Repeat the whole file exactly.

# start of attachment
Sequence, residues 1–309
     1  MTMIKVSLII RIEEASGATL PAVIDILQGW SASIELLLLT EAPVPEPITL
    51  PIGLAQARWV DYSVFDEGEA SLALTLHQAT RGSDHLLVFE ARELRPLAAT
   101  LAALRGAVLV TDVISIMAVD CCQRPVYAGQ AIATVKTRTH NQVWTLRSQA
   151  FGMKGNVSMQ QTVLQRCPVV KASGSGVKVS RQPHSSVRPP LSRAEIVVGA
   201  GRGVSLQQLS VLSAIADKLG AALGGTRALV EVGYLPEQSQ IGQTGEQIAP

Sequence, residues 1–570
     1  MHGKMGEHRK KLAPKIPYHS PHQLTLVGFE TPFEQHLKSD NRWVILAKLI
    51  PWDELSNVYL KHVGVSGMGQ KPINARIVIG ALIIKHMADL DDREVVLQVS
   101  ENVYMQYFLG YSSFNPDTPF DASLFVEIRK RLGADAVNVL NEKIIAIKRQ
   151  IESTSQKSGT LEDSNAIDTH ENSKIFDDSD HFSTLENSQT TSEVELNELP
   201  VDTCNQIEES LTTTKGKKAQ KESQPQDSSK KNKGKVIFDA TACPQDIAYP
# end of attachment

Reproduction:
Sequence, residues 1–309
     1  MTMIKVSLII RIEEASGATL PAVIDILQGW SASIELLLLT EAPVPEPITL
    51  PIGLAQARWV DYSVFDEGEA SLALTLHQAT RGSDHLLVFE ARELRPLAAT
   101  LAALRGAVLV TDVISIMAVD CCQRPVYAGQ AIATVKTRTH NQVWTLRSQA
   151  FGMKGNVSMQ QTVLQRCPVV KASGSGVKVS RQPHSSVRPP LSRAEIVVGA
   201  GRGVSLQQLS VLSAIADKLG AALGGTRALV EVGYLPEQSQ IGQTGEQIAP

Sequence, residues 1–570
     1  MHGKMGEHRK KLAPKIPYHS PHQLTLVGFE TPFEQHLKSD NRWVILAKLI
    51  PWDELSNVYL KHVGVSGMGQ KPINARIVIG ALIIKHMADL DDREVVLQVS
   101  ENVYMQYFLG YSSFNPDTPF DASLFVEIRK RLGADAVNVL NEKIIAIKRQ
   151  IESTSQKSGT LEDSNAIDTH ENSKIFDDSD HFSTLENSQT TSEVELNELP
   201  VDTCNQIEES LTTTKGKKAQ KESQPQDSSK KNKGKVIFDA TACPQDIAYP